Seat, sweat, chaste, caste, Leigh, eight, height,
Put, nut, granite
, and unite.

Reefer does not rhyme with deafer,
Feoffer does, and zephyr, heifer.
Dull, bull, Geoffrey, George, ate, late,
Hint, pint, senate
, but sedate.
Gaelic, Arabic, pacific,
Science, conscience, scientific;
Tour
, but our, dour, succour, four,
Gas, alas
, and Arkansas.

Say manoeuvre, yacht and vomit,
Next omit, which differs from it
Bona fide, alibi
Gyrate, dowry and awry.
Sea, idea, guinea, area,
Psalm, Maria
, but malaria.
Youth, south, southern, cleanse and clean,
Doctrine, turpentine, marine
.

Compare alien with Italian,
Dandelion with battalion,
Rally with ally; yea, ye,
Eye, I, ay, aye, whey, key, quay
!
Say aver, but ever, fever,
Neither, leisure, skein, receiver
.
Never guess–it is not safe,
We say calves, valves, half, but Ralf.

Starry, granary, canary,
Crevice
, but device, and eyrie,
Face
, but preface, then grimace,
Phlegm, phlegmatic, ass, glass, bass.
Bass, large, target, gin, give, verging,
Ought, oust, joust
, and scour, but scourging;
Ear, but earn; and ere and tear
Do not rhyme with here but heir.

Mind the O of off and often
Which may be pronounced as orphan,
With the sound of saw and sauce;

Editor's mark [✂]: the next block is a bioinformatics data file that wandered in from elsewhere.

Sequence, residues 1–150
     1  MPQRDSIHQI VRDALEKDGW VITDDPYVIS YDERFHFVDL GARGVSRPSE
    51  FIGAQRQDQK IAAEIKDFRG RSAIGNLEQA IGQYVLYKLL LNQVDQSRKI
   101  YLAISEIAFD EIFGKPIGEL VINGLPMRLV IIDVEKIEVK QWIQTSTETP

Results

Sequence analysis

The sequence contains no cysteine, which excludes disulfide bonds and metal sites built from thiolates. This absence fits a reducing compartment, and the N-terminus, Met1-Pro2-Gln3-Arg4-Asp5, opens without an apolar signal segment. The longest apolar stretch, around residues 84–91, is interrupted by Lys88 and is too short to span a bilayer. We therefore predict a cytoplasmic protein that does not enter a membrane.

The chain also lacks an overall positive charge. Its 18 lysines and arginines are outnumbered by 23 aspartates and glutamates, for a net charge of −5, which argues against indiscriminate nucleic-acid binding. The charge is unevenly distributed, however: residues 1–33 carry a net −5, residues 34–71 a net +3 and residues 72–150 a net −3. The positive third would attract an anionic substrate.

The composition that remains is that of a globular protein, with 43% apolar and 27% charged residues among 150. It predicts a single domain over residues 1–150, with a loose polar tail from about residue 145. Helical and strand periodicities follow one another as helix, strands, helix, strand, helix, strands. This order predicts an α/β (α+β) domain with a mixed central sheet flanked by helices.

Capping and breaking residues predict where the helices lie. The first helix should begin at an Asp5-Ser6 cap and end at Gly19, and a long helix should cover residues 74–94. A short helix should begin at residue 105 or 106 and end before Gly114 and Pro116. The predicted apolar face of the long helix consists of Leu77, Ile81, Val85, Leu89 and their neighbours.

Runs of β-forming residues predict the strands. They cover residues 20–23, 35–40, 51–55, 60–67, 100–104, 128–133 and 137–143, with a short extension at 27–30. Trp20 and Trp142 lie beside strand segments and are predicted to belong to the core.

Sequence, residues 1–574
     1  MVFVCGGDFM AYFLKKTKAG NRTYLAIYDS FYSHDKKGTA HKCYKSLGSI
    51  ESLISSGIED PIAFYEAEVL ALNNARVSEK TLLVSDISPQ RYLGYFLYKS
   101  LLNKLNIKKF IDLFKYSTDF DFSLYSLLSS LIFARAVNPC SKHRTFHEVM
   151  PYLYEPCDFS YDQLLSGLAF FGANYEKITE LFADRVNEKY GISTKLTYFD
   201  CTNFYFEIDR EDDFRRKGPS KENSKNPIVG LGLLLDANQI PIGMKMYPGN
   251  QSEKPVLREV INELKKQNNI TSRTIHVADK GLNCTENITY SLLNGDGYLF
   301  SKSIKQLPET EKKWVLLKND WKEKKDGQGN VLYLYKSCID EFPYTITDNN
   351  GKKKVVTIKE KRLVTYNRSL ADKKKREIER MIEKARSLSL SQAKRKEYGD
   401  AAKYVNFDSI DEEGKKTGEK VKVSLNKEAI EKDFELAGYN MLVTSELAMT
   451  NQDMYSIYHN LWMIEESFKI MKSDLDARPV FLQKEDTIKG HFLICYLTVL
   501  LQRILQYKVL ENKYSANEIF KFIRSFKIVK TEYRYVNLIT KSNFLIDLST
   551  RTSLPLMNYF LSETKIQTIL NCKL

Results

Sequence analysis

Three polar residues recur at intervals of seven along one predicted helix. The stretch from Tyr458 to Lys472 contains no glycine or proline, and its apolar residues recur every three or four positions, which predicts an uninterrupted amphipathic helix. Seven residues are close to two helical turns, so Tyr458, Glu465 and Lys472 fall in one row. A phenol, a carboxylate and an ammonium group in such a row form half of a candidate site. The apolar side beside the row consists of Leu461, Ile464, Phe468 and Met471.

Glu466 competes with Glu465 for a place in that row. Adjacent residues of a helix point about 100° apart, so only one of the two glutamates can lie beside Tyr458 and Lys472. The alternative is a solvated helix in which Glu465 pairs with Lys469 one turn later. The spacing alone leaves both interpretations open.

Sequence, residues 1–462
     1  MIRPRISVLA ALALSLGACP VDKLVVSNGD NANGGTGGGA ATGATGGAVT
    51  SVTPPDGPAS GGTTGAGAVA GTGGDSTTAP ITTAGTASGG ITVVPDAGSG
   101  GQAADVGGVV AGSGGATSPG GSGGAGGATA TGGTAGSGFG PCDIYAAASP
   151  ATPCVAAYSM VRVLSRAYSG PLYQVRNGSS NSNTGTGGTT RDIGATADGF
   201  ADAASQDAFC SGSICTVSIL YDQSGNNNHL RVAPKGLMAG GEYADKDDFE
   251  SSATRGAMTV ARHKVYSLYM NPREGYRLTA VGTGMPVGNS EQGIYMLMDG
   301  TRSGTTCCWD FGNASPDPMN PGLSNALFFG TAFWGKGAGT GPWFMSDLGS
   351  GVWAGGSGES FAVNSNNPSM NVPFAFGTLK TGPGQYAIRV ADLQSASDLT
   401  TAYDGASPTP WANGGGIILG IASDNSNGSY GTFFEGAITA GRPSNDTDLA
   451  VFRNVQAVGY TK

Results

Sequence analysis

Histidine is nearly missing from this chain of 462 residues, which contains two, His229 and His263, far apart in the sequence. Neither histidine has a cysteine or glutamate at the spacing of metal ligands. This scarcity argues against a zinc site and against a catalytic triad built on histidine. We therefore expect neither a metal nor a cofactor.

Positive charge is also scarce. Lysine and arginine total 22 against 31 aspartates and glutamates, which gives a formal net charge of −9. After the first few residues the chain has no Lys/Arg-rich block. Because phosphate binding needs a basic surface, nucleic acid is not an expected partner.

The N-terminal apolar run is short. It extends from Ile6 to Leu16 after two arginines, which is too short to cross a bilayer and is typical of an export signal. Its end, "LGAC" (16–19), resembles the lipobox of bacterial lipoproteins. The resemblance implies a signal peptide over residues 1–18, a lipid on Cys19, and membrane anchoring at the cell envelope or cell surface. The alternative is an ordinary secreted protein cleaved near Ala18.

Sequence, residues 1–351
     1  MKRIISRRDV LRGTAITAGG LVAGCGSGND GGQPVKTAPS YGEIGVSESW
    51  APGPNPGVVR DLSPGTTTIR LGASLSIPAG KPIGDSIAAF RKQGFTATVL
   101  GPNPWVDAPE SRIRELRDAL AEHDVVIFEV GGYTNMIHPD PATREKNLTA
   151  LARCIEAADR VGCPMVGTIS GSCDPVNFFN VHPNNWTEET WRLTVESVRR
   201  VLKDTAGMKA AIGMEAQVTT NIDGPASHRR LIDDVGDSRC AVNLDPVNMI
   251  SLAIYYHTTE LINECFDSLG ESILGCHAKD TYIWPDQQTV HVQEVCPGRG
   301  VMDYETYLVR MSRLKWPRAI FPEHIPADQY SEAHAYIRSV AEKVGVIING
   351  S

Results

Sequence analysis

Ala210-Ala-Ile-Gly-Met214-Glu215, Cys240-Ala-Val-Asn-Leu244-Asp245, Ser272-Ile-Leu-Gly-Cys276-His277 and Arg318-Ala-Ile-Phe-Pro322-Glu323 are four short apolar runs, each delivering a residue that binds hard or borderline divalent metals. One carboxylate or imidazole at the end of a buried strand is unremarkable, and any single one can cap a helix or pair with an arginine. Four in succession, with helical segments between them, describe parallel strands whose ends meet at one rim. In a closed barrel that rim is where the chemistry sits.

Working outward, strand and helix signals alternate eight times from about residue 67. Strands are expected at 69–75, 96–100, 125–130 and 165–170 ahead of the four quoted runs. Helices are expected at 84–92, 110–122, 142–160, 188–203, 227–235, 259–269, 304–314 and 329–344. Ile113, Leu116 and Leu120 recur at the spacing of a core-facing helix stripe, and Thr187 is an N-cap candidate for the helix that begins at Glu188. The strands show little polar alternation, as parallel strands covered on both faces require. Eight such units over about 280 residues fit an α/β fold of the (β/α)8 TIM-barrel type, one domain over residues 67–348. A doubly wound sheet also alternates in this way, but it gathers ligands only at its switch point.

Also soft, lost, cloth and cross.
Pudding, puddle, putting. Putting?
Yes: at golf it rhymes with shutting.
Respite, spite, consent, resent.
Liable
, but Parliament.

Seven is right, but so is even,
Hyphen, roughen, nephew, Stephen,
Monkey, donkey, clerk
and jerk,
Asp, grasp, wasp, demesne, cork, work.
A
of valour, vapid vapour,
S
of news (compare newspaper),
G of gibbet, gibbon, gist,
I
of antichrist and grist,

Differ like diverse and divers,
Rivers, strivers, shivers, fivers.
Once, but nonce, toll, doll, but roll,
Polish, Polish, poll and poll.
Pronunciation–think of Psyche!-
Is a paling, stout and spiky.
Won’t it make you lose your wits
Writing groats and saying ‘grits’?

It’s a dark abyss or tunnel
Strewn with stones like rowlock, gunwale,
Islington
, and Isle of Wight,
Housewife, verdict
and indict.